Industry leaders who have attended the fourth China International Steel Congress in Beijing early this week predict that a wave of merges and acquisitions is set to sweep China's steel industry.
"China's steel industry will see large-scale restructuring in line with changing international environment and intensified competition," said Xu Lejiang, general manager of Shanghai Baosteel Group Corp.
Wang Tianyi, president of Tangshan Iron and Steel Group Co., Ltd., said mergers and acquisitions are inevitable for the development of China's steel industry.
China's economic authorities have confirmed that the central government will restructure the over-producing industry by limiting production capacity and encouraging domestic steel companies to merge in order to compete on the world market.
Jia Yinsong, deputy director of the bureau of economic operation under the National Development and Reform Commission (NDRC), said policies would be published soon.
The China Iron and Steel Association (CISA) predicts the industry is forming around four focuses: Anben Steel Group, a merger of Ansteel and Benxi Steel, in northeast China; a combined Shougang Group and Tangshan Iron and Steel Group in the north; Shanghai Baosteel in east and southeast China; and Wuhan Iron and Steel Group in central and southwest China.
Xie Qihua, CISA chairman, said both overseas and domestic private investors are welcome in the industry restructuring.
Mittal Steel Co., the world's biggest steel maker, made a crucial move in the Chinese market in January, buying 37 percent of stake in Hualing, a steel pipe maker in Hunan Province.
Stimulated by fast economic growth, China's crude steel consumption accounted for 32 percent of world total in 2005.
China's annual crude steel production capacity is 420 million tons, and it produced 352 million tons in 2005, exceeding the combined production of the Unites States, Japan, the Republic of Korea and Russia.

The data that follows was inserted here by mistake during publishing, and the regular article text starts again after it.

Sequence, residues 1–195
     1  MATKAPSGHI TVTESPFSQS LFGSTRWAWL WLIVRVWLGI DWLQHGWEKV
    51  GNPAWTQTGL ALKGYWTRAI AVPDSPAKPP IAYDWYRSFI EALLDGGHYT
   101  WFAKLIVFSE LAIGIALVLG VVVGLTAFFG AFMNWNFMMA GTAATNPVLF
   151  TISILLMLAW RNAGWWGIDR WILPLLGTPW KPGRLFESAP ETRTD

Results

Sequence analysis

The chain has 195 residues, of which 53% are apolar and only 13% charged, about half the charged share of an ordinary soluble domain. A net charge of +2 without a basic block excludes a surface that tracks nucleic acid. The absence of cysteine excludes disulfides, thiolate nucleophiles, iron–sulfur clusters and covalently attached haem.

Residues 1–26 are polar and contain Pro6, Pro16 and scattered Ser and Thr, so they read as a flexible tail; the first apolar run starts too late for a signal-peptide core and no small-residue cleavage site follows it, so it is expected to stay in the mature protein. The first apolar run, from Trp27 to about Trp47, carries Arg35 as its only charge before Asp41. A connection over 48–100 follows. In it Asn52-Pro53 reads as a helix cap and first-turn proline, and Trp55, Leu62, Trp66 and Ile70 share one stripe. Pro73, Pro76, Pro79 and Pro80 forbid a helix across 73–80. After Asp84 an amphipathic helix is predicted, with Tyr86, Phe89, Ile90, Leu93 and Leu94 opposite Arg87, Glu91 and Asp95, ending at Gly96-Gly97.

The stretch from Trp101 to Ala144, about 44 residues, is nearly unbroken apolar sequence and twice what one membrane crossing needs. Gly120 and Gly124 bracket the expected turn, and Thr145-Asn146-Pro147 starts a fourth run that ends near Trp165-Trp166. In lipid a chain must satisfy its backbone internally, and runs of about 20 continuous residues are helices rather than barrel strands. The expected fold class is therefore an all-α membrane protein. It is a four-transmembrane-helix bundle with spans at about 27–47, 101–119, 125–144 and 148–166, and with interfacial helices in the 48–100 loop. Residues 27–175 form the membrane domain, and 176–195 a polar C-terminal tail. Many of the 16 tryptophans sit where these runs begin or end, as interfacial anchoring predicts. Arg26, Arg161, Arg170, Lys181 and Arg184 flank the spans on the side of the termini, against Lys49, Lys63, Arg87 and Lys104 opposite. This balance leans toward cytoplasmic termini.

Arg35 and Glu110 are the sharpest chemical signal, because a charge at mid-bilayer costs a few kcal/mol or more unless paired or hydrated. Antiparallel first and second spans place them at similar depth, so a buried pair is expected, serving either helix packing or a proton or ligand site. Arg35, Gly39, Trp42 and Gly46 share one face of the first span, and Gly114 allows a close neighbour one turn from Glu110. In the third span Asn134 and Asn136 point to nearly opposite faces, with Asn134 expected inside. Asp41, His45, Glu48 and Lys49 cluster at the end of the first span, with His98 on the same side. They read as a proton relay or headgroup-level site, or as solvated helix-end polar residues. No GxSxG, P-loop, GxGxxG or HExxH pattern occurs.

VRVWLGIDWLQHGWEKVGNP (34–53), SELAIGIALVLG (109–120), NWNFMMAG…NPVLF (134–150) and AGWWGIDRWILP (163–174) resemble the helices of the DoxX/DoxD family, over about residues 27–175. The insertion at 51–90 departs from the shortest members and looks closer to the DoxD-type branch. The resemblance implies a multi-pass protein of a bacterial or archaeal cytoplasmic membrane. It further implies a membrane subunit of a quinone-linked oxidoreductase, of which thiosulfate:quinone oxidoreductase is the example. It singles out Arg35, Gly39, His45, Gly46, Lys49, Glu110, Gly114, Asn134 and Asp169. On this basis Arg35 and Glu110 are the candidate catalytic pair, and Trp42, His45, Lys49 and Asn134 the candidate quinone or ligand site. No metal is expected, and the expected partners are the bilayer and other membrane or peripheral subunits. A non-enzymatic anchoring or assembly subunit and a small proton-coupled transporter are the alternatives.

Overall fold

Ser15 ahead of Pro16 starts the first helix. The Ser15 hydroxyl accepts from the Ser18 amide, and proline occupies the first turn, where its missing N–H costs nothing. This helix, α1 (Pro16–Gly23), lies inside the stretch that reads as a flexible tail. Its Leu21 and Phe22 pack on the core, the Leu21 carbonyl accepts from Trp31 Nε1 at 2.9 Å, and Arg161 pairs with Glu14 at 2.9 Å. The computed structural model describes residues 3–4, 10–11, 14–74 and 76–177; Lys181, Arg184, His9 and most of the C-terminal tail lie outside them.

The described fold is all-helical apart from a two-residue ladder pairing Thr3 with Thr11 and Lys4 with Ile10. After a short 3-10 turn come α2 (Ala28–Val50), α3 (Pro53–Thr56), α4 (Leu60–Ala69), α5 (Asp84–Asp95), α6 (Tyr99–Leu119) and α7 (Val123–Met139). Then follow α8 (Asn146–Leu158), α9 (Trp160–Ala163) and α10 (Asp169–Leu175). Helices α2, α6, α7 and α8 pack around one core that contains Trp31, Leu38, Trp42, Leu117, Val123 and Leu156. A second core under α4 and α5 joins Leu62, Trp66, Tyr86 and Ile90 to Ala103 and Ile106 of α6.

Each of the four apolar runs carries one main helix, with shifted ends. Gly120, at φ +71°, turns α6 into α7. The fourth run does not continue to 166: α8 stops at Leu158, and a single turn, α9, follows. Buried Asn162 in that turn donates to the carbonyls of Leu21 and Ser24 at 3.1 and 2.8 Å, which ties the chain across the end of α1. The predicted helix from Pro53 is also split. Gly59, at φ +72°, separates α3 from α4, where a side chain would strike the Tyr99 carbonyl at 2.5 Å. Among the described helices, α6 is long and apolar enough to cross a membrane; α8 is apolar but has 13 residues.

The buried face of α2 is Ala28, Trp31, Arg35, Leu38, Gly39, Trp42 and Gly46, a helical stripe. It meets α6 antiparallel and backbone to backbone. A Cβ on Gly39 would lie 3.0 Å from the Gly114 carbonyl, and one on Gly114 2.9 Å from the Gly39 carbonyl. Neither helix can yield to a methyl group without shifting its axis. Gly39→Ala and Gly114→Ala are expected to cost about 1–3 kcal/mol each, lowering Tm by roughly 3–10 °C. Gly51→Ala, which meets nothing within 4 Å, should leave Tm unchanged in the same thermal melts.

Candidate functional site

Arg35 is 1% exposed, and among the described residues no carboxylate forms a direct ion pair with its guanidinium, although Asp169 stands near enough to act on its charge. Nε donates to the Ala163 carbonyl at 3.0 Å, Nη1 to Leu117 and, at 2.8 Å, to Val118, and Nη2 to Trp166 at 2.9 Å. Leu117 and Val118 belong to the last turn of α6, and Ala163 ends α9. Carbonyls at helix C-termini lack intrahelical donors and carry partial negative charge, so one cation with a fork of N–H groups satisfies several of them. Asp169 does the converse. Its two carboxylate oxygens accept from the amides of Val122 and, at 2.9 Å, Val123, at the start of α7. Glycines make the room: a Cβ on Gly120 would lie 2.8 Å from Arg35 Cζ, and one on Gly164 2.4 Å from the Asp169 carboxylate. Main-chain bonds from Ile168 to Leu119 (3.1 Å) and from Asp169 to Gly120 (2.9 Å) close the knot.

But Xie noted that China's industry still lacks concentrated production facilities, and is hampered by poor industrial structures, a lack of technical innovation and a preponderance of low-production companies.
Last year China's top ten steel producers produced only 36.89 percent of national total, he said. Only eight Chinese companies had an annual production exceeding 10 million tons.
Xie said China still needs to import high-end products like cool-rolled silicon steel sheet and steel plate for saloon cars.
By the end of last year, China's output had surpassed demand by 4.75 percent.
With no past support for its large steel companies, the rapid expansion of the industry in the past five years has spawned many medium and small plants.
Karl-Ulrich Kohler, president of German steel giant Thyssen Krupp, said that compared with European producers, China's steel industry was too fragmented.
Wu Xichun, consultant to the CISA, said restructuring would strengthen China's steel industry, and he urged the government to issue its policies as soon as possible.
Under the NDRC's development policy, the country's top ten producers are expected to produce half of China's steel by 2010, and 70 percent by 2020.